The 83rd Division headquarters occasionally trained with the staff of the 5th Division's 10th Infantry Brigade at Fort Benjamin Harrison, Indiana. The subordinate infantry regiments of the division held their summer training primarily with the units of the 10th Infantry Brigade at Camp Knox and Fort Thomas, Kentucky, or Fort Benjamin Harrison. Other units, such as the special troops, artillery, engineers, aviation, medical, and quartermaster, trained at various posts in the Fifth Corps Area, usually with active units of the 5th Division. For example, the division's artillery trained with the 5th Division field artillery units stationed at Camp Knox; the 308th Engineer Regiment usually trained at Fort Benjamin Harrison; the 308th Medical Regiment trained at Camp Knox; and the 308th Observation Squadron trained with the 88th Observation Squadron at Wright Field, Ohio. In addition to the unit training camps, the infantry regiments of the division rotated responsibility for conducting the infantry CMTC held at Camp Knox and Fort Thomas each year.

On a number of occasions, the division participated in Fifth Corps Area or Second Army command post exercises (CPXs) in conjunction with other Regular Army units. These training events gave division staff officers opportunities to practice the roles they would be expected to perform in the event the division was mobilized. Unlike the Regular and Guard units in the First Corps Area, the 83rd Division did not participate in the various Fifth Corps Area maneuvers and the Second Army maneuvers of 1936, 1940, and 1941 as an organized unit due to lack of enlisted personnel and equipment. Instead, the officers and a few enlisted reservists were assigned to Regular and Guard units to fill vacant slots and bring the units up to war strength for the exercises. Additionally, some officers were assigned duties as umpires or as support personnel.[4]

World War II[edit]

Order of battle[edit]

  • Headquarters, 83rd Infantry Division
  • 329th Infantry Regiment
  • 330th Infantry Regiment
  • 331st Infantry Regiment
  • Headquarters and Headquarters Battery, 83rd Infantry Division Artillery
    • 322nd Field Artillery Battalion (105 mm)
    • 323rd Field Artillery Battalion (105 mm)
    • 324th Field Artillery Battalion (155 mm)
    • 908th Field Artillery Battalion (105 mm)
  • 308th Engineer Combat Battalion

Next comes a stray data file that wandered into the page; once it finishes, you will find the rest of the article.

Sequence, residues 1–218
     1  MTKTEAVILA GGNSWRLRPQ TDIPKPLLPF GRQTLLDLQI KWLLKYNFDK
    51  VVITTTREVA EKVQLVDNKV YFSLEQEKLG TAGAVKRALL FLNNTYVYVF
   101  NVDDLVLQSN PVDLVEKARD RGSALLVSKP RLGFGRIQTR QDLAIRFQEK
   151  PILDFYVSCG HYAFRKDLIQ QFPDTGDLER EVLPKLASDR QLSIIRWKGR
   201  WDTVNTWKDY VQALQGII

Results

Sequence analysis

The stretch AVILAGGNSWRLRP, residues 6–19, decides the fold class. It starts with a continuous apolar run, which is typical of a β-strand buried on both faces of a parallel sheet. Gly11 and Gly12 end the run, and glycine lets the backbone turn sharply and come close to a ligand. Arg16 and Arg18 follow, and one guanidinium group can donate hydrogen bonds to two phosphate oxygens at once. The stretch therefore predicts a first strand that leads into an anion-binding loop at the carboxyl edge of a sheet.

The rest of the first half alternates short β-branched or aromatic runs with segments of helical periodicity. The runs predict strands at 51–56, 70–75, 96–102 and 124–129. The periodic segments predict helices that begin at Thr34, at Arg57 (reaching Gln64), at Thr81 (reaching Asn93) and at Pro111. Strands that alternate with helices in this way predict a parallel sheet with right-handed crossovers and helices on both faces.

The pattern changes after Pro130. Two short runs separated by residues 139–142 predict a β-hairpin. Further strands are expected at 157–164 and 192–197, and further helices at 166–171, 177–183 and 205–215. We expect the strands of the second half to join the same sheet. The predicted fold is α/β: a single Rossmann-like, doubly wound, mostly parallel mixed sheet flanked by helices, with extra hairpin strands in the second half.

• 308th Medical Battalion
  • 83rd Cavalry Reconnaissance Troop (Mechanized)
  • Headquarters, Special Troops, 83rd Infantry Division
    • Headquarters Company, 83rd Infantry Division
    • 783rd Ordnance Light Maintenance Company
    • 83rd Quartermaster Company
    • 83rd Signal Company
    • Military Police Platoon
    • Band
  • 83rd Counterintelligence Corps Detachment

Before Organized Reserve infantry divisions were ordered into active military service, they were reorganized on paper as "triangular" divisions under the 1940 tables of organization. The headquarters companies of the two infantry brigades were consolidated into the division's cavalry reconnaissance troop, and one infantry regiment was removed by inactivation. The field artillery brigade headquarters and headquarters battery became the headquarters and headquarters battery of the division artillery. Its three field artillery regiments were reorganized into four battalions; one battalion was taken from each of the two 75 mm gun regiments to form two 105 mm howitzer battalions, the brigade's ammunition train was reorganized as the third 105 mm howitzer battalion, and the 155 mm howitzer battalion was formed from the 155 mm howitzer regiment. The engineer, medical, and quartermaster regiments were reorganized into battalions. In 1942, divisional quartermaster battalions were split into ordnance light maintenance companies and quartermaster companies, and the division's headquarters and military police company, which had previously been a combined unit, was split.[5]